A P R E L U D E.

This film has been coming to life long before I knew of its existence. Throughout the past year, I’ve felt called to depict a story of being “revealed.” During that same time I was introduced to the Enneagram, identifying as a Type 4: The Sensitive, The Romantic, The Individualist. Through these two seemingly unrelated events, a vision suddenly came to mind:

The story of a forgotten statue and what happens when she comes to life.

For over half a year, I listened to this song and story spill out of me. During an afternoon of exploration, an opportunity arose to partner with a ballerina and a creative team. In two short weeks, we translated this story, inspired by Sleeping at Last's Enneagram Type 4 song.

I'm excited to share the full length film with you, but even more so, the deeper story behind it. This has been quite a journey of self-discovery, both painful and inspiring. I suppose that’s the beauty of growth, isn’t it?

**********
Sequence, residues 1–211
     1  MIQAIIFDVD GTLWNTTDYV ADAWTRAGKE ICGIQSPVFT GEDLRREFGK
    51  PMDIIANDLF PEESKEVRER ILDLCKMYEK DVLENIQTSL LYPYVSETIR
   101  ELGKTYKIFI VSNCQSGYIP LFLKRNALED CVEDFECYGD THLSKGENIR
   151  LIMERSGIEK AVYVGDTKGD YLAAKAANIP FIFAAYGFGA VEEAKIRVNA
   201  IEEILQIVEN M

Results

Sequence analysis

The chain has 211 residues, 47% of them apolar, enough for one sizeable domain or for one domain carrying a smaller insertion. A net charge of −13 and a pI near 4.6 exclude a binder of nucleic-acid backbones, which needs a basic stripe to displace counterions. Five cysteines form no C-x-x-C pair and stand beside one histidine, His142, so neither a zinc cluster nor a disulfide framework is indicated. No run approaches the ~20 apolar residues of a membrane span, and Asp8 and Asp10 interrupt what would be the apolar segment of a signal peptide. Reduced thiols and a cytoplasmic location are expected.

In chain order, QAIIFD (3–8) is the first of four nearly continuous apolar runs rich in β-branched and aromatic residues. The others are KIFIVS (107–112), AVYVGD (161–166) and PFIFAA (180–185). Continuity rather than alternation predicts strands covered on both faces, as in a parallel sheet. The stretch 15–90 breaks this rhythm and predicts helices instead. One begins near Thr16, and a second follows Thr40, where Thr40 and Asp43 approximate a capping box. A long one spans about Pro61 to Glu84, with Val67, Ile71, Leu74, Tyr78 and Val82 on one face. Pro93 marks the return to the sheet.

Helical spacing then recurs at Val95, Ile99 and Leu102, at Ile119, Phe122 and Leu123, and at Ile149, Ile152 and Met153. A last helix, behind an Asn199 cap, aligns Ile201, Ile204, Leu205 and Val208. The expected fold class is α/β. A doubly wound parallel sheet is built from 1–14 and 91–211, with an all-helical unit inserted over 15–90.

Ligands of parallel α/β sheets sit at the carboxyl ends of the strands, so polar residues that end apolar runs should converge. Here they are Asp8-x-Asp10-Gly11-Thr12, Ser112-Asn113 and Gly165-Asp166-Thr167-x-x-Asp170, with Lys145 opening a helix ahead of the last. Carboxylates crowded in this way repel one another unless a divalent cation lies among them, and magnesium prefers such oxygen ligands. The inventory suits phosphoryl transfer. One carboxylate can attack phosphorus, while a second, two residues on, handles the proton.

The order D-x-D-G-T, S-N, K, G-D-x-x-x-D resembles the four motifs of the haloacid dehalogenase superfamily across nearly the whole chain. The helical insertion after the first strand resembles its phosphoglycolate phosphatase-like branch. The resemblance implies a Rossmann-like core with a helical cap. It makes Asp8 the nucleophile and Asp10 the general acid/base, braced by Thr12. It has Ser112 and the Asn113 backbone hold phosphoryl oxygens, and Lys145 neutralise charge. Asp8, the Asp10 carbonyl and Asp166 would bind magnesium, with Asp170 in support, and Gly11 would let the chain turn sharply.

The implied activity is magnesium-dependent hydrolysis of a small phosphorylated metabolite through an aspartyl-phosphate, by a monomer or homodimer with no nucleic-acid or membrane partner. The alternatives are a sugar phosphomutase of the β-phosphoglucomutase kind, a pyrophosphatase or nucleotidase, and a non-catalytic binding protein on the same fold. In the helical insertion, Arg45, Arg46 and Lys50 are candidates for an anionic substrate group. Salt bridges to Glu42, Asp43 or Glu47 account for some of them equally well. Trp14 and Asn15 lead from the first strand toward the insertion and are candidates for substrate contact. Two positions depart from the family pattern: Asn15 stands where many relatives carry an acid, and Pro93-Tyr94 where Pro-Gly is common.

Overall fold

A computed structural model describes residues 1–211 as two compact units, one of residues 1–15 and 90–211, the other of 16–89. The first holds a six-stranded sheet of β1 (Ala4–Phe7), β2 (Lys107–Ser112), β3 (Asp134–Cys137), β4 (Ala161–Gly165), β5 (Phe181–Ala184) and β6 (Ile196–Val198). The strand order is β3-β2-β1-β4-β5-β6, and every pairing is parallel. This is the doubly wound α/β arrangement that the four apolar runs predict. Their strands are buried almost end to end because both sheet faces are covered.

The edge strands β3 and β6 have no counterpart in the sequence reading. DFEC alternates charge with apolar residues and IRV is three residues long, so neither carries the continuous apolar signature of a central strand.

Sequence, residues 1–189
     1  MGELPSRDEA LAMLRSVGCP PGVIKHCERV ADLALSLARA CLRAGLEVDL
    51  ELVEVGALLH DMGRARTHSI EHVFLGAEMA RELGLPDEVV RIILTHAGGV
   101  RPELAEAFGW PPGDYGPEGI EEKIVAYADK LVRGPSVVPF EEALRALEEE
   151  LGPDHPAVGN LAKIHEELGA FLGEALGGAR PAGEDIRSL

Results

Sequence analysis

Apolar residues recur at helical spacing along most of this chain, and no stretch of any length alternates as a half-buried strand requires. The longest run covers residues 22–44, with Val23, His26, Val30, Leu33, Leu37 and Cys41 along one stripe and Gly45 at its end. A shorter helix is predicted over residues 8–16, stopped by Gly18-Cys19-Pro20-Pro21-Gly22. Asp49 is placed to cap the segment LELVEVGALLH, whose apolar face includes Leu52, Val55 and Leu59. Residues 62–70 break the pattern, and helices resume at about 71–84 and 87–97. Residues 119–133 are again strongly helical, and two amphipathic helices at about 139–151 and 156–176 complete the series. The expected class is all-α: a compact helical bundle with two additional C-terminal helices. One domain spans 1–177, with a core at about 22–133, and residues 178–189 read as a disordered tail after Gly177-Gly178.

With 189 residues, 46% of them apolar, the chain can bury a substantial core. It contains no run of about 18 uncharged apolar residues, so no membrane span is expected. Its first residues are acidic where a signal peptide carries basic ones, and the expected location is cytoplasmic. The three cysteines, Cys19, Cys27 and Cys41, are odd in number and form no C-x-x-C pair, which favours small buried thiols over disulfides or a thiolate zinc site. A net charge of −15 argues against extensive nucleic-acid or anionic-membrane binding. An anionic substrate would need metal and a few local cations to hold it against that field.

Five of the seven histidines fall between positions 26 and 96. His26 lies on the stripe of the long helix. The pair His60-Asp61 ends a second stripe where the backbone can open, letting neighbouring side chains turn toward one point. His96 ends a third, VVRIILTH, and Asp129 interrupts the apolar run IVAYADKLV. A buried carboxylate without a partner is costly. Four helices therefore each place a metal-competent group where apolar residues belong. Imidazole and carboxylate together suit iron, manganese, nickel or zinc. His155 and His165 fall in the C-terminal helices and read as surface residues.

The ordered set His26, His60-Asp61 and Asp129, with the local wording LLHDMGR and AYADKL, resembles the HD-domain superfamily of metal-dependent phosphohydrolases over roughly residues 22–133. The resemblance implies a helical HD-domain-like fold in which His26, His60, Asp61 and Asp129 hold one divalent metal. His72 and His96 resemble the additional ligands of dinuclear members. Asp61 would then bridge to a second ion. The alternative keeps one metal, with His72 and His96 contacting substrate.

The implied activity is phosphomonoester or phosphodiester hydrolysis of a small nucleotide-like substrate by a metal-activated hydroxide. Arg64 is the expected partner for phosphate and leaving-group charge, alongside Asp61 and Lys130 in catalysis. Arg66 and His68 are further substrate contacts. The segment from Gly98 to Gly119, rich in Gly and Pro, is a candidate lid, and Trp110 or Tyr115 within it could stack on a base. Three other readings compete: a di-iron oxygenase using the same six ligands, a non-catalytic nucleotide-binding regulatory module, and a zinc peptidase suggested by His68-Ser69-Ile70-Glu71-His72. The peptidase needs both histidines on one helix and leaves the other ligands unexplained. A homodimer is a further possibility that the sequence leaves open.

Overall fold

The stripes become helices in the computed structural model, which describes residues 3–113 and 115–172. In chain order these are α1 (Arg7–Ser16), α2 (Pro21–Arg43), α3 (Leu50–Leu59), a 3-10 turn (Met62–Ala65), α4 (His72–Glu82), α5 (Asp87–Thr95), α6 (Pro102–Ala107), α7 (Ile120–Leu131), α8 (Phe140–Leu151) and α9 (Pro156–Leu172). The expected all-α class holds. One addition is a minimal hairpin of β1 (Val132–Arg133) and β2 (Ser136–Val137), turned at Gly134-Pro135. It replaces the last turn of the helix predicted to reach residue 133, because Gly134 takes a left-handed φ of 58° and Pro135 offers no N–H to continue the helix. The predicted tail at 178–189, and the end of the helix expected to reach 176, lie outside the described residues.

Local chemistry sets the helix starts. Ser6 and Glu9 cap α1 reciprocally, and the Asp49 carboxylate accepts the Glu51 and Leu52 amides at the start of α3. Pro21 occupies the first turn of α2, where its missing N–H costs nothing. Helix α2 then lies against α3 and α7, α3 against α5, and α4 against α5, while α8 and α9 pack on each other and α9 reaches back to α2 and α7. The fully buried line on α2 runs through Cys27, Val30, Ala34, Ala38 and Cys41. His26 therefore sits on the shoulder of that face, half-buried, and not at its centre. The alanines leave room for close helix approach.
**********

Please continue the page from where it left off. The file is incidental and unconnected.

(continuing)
Now. Let’s jump into my process. There were 4 main components that played out in my mind and they’re based on the lyrics. First:


i’m turning out the lights
to remember how to see
until a renaissance takes place
and resuscitates the color of paint and divinity


What stood out as a deep struggle for the Type 4 is the idea of significance… of being seen.  I wanted to depict that by starting the story with the statue being covered and forgotten. In my mind, I imagined that she used to be admired and seen by many at a museum until one day, she was covered and left behind. In order to show the passing of time, DP Jacen Sievers had the idea to create a time-lapse with moving light. He attached lights to a DIY dolly that were right outside the window. My studio manager Suzy, on my cue, pushed that dolly so that the light rays moved across the room - the way natural light does when the sun shifts over the horizon through the passing of time. Brilliant! Our set designer Lindsey set the tone by centering our ballerina Juliet (who played the main ‘statue’) in the midst of other statues that faced her. All eyes on her.

“[The Fours] are perpetually in search of their own significance, which is why they have such a highly developed ability to see beauty in all things. The very thing they are looking for within, they can easily see everywhere else.” -- Richard Rohr


as if God hid the building blocks
of every beautiful thing
in this game of hide and seek
i can’t help but think that ordinary has swallowed the key

bodies fashioned out of dirt and dust
for a moment we get to be glorious